What seems to be the link between Finasteride and depression? By altering the synthesis of the testosterone-like substance, it might be affecting two possible neurotransmitters in the brain involved with depression and anxiety. One is gamma-aminobutyric acid, commonly known as GABA, and the other is serotonin. Interestingly, serotonin activity also decreases when estrogen levels decline at the end of the menstrual cycle, and the resulting depression, anxiety, fatigue and overeating characterize PMS.

Evidence that the Finasteride-associated depression may be related to a change in serotonin activity comes mainly from animal studies looking at the effect of testosterone on certain serotonin receptors. But a hint that serotonin may be involved can also be found in reports of intense carbohydrate craving from men who have used the drug. PMS and Seasonal Affective Disorder (severe winter depression) are each characterized by carbohydrate cravings, depression, and decreased serotonin activity. And the consumption of carbohydrate by these groups seems to relieve their depression, anxiety and fatigue because of the resulting increase in brain serotonin synthesis.

Might men suffering from Finasteride-related mood changes also benefit from eating carbohydrates? Were they to consume 25-30 grams of a starchy, very low-protein carbohydrate snack two or three times a day, on an empty stomach, they will be increasing serotonin synthesis. The resulting improvement in mood may not dispel their depression entirely (after all, a cup of oatmeal is not an antidepressant), but at least will make it easier to cope with their negative moods and the possibility that they will now lose their hair.

A Stomach Drain: The New Level of Combatting Obesity

The FDA approved, in mid-June, a new obesity device that seems to come from a medieval concept of how to prevent overeating. A tube is inserted into the stomach and the outside end fitted with a valve that can be opened or closed, sort of like a faucet. After eating, the patient opens the valve or faucet so the contents of the stomach can empty into the toilet (or a bucket or some container that can be washed out). The procedure is like throwing up to get rid of the contents of the stomach, but with this device you don’t have to gag. Just open the valve.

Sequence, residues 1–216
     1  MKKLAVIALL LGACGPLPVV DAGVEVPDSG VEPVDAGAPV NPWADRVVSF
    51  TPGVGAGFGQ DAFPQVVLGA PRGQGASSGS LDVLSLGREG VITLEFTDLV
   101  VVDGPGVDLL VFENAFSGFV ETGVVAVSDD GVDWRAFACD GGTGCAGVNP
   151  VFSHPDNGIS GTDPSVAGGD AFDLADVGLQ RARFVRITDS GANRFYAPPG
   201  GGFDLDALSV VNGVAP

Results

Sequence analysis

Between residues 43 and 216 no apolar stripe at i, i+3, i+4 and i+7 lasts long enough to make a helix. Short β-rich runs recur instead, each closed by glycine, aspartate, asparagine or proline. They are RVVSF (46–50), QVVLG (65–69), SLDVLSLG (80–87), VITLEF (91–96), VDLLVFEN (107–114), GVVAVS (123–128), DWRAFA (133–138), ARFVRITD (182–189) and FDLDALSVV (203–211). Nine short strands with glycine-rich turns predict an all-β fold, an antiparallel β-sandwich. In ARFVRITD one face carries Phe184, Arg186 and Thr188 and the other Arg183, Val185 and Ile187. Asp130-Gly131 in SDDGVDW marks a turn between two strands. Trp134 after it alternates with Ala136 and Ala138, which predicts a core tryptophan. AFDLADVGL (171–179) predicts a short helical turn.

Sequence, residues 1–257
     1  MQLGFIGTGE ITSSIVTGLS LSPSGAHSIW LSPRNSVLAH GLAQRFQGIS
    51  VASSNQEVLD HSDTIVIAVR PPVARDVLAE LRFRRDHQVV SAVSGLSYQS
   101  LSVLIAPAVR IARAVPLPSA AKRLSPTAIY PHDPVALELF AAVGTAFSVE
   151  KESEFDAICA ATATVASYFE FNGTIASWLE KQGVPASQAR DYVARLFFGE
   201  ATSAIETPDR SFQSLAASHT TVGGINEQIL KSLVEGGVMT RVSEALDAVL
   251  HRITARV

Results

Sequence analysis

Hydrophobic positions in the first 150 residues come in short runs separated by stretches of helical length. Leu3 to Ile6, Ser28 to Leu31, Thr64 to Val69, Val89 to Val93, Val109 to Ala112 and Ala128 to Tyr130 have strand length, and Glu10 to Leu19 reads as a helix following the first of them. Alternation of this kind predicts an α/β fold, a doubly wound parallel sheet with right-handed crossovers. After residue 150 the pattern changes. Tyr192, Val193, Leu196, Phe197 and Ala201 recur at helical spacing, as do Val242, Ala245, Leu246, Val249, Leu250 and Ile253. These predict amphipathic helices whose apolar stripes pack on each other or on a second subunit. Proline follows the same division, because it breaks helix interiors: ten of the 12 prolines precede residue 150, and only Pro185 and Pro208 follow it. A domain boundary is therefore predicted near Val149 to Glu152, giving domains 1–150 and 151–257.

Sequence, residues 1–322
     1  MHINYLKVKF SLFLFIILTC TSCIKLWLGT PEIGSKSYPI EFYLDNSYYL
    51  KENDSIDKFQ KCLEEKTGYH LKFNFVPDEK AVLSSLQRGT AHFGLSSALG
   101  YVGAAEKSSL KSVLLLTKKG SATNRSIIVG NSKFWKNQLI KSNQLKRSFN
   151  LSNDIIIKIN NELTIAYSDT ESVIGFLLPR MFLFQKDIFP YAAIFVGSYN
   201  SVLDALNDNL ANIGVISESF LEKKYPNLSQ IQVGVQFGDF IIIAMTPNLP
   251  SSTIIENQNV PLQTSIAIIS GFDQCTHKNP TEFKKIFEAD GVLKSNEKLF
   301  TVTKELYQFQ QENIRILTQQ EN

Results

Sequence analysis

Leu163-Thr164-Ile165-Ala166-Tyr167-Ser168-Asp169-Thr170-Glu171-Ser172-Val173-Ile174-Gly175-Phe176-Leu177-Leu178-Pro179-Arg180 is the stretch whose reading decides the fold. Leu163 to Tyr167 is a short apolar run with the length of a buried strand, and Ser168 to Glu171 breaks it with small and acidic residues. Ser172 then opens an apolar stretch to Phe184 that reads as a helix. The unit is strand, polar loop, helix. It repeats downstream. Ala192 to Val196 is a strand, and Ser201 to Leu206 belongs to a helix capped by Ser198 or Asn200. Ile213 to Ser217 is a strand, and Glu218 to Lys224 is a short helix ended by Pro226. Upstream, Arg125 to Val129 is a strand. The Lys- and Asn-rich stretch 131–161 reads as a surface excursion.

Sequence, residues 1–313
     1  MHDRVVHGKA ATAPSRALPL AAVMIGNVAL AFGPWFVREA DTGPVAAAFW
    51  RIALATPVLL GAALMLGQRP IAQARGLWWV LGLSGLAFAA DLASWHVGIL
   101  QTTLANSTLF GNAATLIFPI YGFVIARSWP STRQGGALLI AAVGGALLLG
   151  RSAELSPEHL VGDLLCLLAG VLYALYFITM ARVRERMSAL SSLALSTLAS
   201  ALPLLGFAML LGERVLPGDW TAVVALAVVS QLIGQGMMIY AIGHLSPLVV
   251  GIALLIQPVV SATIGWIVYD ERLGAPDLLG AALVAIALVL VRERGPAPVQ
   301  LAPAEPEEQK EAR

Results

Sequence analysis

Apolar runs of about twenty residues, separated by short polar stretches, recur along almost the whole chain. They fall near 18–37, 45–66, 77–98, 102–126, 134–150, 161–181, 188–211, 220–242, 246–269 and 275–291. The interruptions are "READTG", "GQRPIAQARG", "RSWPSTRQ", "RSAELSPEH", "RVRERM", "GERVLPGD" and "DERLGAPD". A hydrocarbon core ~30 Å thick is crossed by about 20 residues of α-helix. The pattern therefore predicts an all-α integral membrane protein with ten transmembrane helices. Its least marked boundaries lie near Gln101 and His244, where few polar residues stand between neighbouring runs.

When I saw an announcement of this device I thought it was a hoax or something thought up by people who compete in ‘all the hot dogs you can eat’ contests. But no, the device, called AspireAssist, is recommended for those who cannot control their food intake. Instructions for its use are quite specific: At least 20 or 30 minutes have to elapse between the completion of a meal and the emptying of the stomach. This is to make sure that some nutrients and calories are passed into the intestines where they are absorbed into the body. If the stomach was emptied immediately, the result would be similar to starvation.  Moreover, the binge eaters and others with eating disorders such as anorexia are not to be allowed to use the device, as it would only enable such individuals to continue on with their disordered eating. And it is not to be used for a short period of time like a few weeks. It is not the modern day equivalent of the way Roman nobles would eat at one of their banquets when, if they had eaten to their full, they would disgorge the contents of their stomach (there really is no way of saying this euphemistically) so they could feast all over again. This means that you cannot take this device with you if you are going on a cruise, for example, and want to make sure that you are eating enough to justify the cost of the trip.

The FDA is limiting use of the device to patients who are obese with a body mass index of 35 to 55, and who are unable to lose or maintain their weight loss through non-surgical interventions.  In clinical trials of the device, it was very effective in supporting weight loss in this very obese population. After a year, patients using the stomach-emptying device lost 12 percent of their weight compared to control patients who lost 3.6 percent. The amount of weight loss is less than what is typically found among people who have had bariatric surgery such as the gastric sleeve. There are many obese patients who have too many health problems to risk having general anesthesia, yet their obesity is so severe that unless reversed it will shorten their life. An acquaintance who must be at least 250 pounds overweight can barely walk, and now has been diagnosed with a heart problem. She is unable to lose more than 10-15 pounds even when living in a residential weight-loss clinic and would be a candidate for bariatric surgery except for her cardiovascular problems. So perhaps a tube that empties partially digested food from the stomach into a pail might help her.

Safety features are built into the use of the AspireAssist device to make sure it is not abused by, for example, someone who sees it as a way of eating unlimited quantities of everything. It can only be used for a certain number of ‘drains’ and then will stop working. The patient must return to the physician who inserted it to get a replacement part and be evaluated for weigh-loss progress.

Aside from the mechanical disposal of food that otherwise would contribute unneeded calories, how will the patient benefit from this new obesity device? Ideally, food intake, or perhaps the frequency of eating, might decrease. Stopping for coffee and a pastry or piece of pizza while shopping is tempting, but the mechanics of draining the stomach in a small bathroom stall in a mall could be awkward. Also, there is the time factor. Does one go out to eat with friends and then on the way home, thirty minutes after dinner is over, look for a public restroom? Maybe there is a manual that comes with the device that answers these pesky questions.